Monday, 28 June 2010

Summary of Modern Monetary Theory (MMT) ideas in four bullet points

With due deference to the creator. Thank you Tom.

"Asking for a summary of MMT in [four] bullet points for the layperson is like asking for a one paragraph summary of quantum theory. I suppose it could be done, but it wouldn’t say much that would actually help and would probably be so simplistic as to be misleading."

Modern Monetary Theory refers to the operation of the monetary system since Nixon ended gold convertibility on August 15, 1971. After that the world transitioned from a convertible fixed rate system to a nonconvertible floating rate system, which was ratified in Paris in 1973. Since then, we have been on the system that MMT describes. MMT is not proposing a new system. It is simply saying how the present regime works and shows the options based on that.

Here is brief summary of key ideas in four bullet points:

  • Under the present monetary system, the government is not financially constrained (although there are are real constraints). A government that is the monopoly issuer of a nonconvertible currency with a flexible (floating) exchange rate is not financially constrained. As currency issuer, the government neither taxes to fund disbursements, nor borrows to finance them.

  • Government expenditure increases nongovernment financial assets. Taxes simply withdraw funds from nongovernment to prevent inflationary pressure. Government deficits increase nongovernment net financial assets by a corresponding amount. The national debt is the amount of nongovernment savings.

  • A monetarily sovereign government does not finance itself with debt, and the securities it issues are bought with currency it issues. Debt simply drains excess reserves from the interbank system, allowing the central bank to hit its target rate. There is no financial reason that such a government needs to issue securities at all. It could just pay a support rate equal to the overnight rate.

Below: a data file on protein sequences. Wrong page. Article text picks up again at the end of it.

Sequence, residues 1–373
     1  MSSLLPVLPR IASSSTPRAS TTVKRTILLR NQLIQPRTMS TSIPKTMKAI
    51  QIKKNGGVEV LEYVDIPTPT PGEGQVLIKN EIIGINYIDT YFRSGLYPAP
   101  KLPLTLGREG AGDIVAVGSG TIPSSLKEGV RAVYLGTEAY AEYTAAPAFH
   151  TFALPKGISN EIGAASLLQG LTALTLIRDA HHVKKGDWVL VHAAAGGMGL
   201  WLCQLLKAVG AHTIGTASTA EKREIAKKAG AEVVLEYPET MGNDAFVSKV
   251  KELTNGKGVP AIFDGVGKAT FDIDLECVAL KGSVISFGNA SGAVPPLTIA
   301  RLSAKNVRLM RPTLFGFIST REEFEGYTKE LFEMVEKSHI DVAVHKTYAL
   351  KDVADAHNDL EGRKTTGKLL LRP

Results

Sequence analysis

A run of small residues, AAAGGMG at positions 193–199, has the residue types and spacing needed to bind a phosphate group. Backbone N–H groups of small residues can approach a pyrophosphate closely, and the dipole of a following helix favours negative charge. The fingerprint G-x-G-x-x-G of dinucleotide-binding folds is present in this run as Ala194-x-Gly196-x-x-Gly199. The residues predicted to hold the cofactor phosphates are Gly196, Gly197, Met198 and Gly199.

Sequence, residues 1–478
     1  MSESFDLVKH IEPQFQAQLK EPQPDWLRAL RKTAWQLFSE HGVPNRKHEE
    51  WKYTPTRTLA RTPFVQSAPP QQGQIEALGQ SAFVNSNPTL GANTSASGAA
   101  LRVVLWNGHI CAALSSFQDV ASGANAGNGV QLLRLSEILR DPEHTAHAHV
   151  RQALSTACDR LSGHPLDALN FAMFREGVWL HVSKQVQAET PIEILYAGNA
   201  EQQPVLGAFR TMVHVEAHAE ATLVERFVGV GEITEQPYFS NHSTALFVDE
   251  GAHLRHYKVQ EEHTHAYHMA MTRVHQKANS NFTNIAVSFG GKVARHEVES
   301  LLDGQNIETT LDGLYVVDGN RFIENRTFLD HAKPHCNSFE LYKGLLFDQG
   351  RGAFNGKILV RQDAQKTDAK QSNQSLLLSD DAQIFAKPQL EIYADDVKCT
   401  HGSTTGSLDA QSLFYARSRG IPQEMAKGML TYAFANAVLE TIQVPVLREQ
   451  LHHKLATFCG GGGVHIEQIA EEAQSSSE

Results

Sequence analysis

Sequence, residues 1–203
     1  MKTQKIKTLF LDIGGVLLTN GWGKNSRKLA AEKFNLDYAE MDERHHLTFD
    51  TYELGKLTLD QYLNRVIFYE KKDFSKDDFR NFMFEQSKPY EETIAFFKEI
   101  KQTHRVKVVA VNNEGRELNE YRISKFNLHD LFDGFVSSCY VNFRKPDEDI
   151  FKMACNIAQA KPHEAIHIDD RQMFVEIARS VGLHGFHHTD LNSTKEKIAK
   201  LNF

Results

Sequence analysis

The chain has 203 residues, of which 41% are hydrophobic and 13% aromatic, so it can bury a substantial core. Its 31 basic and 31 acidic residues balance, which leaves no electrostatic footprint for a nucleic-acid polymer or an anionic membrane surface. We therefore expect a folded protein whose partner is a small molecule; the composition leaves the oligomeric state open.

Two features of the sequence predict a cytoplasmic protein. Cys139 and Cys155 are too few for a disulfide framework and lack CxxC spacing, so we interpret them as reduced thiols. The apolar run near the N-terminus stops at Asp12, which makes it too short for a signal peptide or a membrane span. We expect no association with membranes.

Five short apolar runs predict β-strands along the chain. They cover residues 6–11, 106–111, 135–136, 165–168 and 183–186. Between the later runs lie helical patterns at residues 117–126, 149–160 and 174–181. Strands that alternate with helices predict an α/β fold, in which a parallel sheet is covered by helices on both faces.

• A monetarily sovereign government as monopoly currency issuer has the sole prerogative and corresponding sole responsibility to provide the correct amount of currency to balance spending power (nominal aggregate demand) and goods for sale (real output capacity).
    If the government issues currency in excess of capacity, demand will rise relative to the goods and services available, and inflation will occur due to excess demand relative to supply. If the government falls short in maintaining this balance, recession and unemployment result, due to insufficient demand relative to supply.
    The government attempts to achieve balance through fiscal policy (currency issuance and taxation) and monetary policy (interest rates), based on analysis of data in terms of sectoral balances;contribution of government, households and firms, and foreign trade.
    MMT can be viewed as an articulation of the basic equation of macroeconomics, GNP/Y = G + C + I + (X-M), where GNP is gross national product (supply), Y is national income (demand), G is the contribution of government, C the contribution of consumer spending, I is business investment, and (X-M) is the current account balance. The rest is stock-flow consistent macro models.